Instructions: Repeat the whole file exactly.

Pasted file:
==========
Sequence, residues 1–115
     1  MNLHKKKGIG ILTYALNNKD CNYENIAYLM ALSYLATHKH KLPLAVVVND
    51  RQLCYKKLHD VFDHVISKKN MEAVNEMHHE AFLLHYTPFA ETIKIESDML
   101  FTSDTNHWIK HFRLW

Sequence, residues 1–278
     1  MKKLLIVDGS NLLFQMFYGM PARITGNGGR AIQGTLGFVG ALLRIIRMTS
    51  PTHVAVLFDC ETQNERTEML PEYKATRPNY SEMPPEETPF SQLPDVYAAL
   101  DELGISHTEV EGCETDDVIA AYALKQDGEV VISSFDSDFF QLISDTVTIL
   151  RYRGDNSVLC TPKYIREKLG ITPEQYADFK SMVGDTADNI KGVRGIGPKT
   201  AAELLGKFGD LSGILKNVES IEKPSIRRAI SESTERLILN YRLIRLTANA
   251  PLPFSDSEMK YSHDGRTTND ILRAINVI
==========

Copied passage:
Sequence, residues 1–115
     1  MNLHKKKGIG ILTYALNNKD CNYENIAYLM ALSYLATHKH KLPLAVVVND
    51  RQLCYKKLHD VFDHVISKKN MEAVNEMHHE AFLLHYTPFA ETIKIESDML
   101  FTSDTNHWIK HFRLW

Sequence, residues 1–278
     1  MKKLLIVDGS NLLFQMFYGM PARITGNGGR AIQGTLGFVG ALLRIIRMTS
    51  PTHVAVLFDC ETQNERTEML PEYKATRPNY SEMPPEETPF SQLPDVYAAL
   101  DELGISHTEV EGCETDDVIA AYALKQDGEV VISSFDSDFF QLISDTVTIL
   151  RYRGDNSVLC TPKYIREKLG ITPEQYADFK SMVGDTADNI KGVRGIGPKT
   201  AAELLGKFGD LSGILKNVES IEKPSIRRAI SESTERLILN YRLIRLTANA
   251  PLPFSDSEMK YSHDGRTTND ILRAINVI